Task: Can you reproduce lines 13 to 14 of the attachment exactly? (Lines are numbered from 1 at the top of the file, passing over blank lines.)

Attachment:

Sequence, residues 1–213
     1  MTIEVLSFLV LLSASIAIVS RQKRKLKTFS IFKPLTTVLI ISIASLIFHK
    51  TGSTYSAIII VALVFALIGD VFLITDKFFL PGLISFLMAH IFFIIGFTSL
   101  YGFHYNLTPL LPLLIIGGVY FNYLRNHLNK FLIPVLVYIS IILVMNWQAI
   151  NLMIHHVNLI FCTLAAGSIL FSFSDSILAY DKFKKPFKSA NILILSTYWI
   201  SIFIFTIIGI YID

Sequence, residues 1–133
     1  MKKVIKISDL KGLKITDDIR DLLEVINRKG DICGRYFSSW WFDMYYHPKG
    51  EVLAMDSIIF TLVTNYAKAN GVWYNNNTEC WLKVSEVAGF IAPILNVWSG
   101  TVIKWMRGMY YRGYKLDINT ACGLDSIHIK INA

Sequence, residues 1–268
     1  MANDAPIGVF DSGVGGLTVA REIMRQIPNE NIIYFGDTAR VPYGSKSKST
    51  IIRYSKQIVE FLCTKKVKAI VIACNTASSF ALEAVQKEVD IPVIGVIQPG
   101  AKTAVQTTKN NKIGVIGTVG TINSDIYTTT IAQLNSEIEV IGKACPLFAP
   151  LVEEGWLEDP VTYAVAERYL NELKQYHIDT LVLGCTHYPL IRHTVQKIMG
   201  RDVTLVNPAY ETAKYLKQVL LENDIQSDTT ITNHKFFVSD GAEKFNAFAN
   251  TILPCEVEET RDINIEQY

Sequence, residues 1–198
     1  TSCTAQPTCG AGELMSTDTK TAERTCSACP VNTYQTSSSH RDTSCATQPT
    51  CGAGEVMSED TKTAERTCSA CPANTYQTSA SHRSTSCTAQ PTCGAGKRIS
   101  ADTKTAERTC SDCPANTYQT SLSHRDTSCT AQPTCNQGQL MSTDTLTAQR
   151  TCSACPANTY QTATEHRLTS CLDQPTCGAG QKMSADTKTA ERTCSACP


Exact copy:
    51  IIRYSKQIVE FLCTKKVKAI VIACNTASSF ALEAVQKEVD IPVIGVIQPG
   101  AKTAVQTTKN NKIGVIGTVG TINSDIYTTT IAQLNSEIEV IGKACPLFAP